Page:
September 24, 2013
Contrary to Obama's Assertion, Israeli Existence Not 'Dependent' on PA StateTopics: Israel, Political News and commentaries
My jaw dropped when I first read that Barack Obama had in speaking to the UN General Assembly referred to Israel's presence in Judea and Samaria as "the occupation of the West Bank" and argued that "Israel's security... depends on the realization of a Palestinian state." I wasn't really surprised - just dismayed at his 'chutzpah' ... because what he said was total nonsense and did nothing but support and encourage the Palestinians to be more demanding in their non-negotiations with Israel (which may have actually been the intention of our pro-Islamic president).
Clearly, Likud Minister Yisrael Katz and Deputy Defense Minister Danny Danon had a similar reaction:
[...] "I believe this is one of the most disturbing statements that a United States president has ever made," Katz wrote on his Facebook page.More here.
"Mr. President, the existence of the state of Israel is unconditional, and does not depend on the Palestinians," he declared.
"The United States helps Israel, but we have always known how to protect ourselves by ourselves," he added. "We want peace, but we will not take unnecessary risks, and we will not accept an agreement that puts our continued existence in danger."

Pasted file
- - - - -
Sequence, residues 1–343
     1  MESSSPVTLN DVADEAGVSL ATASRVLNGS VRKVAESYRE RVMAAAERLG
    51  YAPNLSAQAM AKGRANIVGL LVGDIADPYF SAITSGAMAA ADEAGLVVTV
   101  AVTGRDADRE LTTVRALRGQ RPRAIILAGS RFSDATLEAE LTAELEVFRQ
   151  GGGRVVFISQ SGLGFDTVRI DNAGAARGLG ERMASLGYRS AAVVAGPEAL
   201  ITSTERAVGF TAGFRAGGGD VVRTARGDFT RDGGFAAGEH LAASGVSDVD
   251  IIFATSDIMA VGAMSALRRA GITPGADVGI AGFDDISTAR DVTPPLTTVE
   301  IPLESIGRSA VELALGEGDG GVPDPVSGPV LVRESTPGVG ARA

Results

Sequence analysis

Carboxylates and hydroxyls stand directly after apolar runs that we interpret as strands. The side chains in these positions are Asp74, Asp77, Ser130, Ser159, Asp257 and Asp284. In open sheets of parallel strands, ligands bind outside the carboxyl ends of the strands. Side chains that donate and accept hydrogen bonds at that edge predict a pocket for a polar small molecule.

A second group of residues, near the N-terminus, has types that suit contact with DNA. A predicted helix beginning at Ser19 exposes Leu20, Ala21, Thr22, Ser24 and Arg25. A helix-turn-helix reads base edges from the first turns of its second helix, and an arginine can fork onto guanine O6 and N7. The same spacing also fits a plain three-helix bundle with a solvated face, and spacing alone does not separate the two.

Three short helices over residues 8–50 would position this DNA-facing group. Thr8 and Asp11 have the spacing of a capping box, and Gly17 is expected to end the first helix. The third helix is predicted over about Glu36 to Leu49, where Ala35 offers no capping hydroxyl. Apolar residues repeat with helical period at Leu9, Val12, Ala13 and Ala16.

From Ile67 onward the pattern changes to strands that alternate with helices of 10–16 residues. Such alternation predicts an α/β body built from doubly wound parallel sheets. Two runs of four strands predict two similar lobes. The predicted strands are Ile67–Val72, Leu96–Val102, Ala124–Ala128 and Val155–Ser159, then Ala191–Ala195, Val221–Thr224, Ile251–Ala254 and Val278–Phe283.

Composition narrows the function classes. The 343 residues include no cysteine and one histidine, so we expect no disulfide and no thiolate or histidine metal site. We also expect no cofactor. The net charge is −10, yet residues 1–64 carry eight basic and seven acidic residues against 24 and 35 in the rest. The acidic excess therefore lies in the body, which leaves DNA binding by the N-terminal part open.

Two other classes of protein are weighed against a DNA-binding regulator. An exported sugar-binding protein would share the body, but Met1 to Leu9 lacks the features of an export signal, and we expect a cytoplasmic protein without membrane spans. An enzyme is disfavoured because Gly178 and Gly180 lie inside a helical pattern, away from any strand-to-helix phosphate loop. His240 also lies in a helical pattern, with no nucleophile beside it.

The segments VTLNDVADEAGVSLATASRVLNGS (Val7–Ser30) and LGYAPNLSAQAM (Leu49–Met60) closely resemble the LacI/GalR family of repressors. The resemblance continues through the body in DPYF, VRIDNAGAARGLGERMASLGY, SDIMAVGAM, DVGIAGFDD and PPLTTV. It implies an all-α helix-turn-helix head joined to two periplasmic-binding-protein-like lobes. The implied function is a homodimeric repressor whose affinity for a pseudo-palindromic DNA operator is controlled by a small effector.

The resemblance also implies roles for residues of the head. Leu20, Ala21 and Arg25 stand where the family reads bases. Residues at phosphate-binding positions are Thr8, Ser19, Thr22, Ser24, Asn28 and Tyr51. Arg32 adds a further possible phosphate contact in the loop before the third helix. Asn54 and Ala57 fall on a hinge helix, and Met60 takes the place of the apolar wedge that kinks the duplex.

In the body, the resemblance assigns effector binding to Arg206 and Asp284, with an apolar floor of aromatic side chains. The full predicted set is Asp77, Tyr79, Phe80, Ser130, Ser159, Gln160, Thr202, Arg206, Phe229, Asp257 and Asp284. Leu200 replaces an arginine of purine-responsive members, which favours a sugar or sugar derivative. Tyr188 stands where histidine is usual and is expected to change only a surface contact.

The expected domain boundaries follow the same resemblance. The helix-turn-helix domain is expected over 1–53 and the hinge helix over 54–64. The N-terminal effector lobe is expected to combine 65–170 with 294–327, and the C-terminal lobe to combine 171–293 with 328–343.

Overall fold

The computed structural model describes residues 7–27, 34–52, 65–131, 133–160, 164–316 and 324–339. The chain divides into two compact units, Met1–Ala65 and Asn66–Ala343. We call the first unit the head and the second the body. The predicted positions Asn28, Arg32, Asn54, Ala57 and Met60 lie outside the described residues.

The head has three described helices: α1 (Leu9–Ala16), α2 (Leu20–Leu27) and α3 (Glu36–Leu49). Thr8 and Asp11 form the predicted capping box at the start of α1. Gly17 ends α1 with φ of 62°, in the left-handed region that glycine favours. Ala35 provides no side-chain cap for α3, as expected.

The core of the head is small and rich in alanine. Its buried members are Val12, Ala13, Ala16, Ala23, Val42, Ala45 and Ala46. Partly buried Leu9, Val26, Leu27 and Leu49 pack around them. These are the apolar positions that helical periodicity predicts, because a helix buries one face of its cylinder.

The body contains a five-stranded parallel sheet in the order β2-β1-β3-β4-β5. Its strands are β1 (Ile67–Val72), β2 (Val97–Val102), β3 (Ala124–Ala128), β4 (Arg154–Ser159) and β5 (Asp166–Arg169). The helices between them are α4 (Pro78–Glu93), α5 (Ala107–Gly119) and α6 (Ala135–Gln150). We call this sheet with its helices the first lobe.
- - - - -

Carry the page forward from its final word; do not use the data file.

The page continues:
Deputy Defense Minister Danny Danon responded to Obama's speech with a message to Prime Minister Binyamin Netanyahu. "If this is the wind that now blows from the direction of the President of the United States, then expect serious pressure down the line," he warned.
"I'm sure you will represent Israel in the spirit of [Zionist leader Ze'ev] Jabontinsky, 'The Iron Wall' - strength combined with determination and stability will guarantee Israel's might," Danon told Netanyahu. ...
As for the designation "Under Israeli Occupation Since 1967" on the above map - it's a bit of a misnomer, as the JFNA explains:
In politics words matter and, unfortunately, the misuse of words applying to the Arab-Israeli conflict has shaped perceptions to Israel's disadvantage. As in the case of the term "West Bank," the word "occupation" has been hijacked by those who wish to paint Israel in the harshest possible light. It also gives apologists a way to try to explain away terrorism as "resistance to occupation," as if the women and children killed by homicide bombers in buses, pizzerias, and shopping malls were responsible for the plight of the Arabs. Given the negative connotation of an "occupier," it is not surprising that Arab spokespersons use the word or some variation as many times as possible when interviewed by the press. The more accurate description of the territories in Judea and Samaria is "disputed" territories.
In fact, most other disputed territories around the world are not referred to as being occupied by the party that controls them. This is true, for example, of the hotly contested region of Kashmir.
Posted by Hyscience at September 24, 2013 6:12 PM
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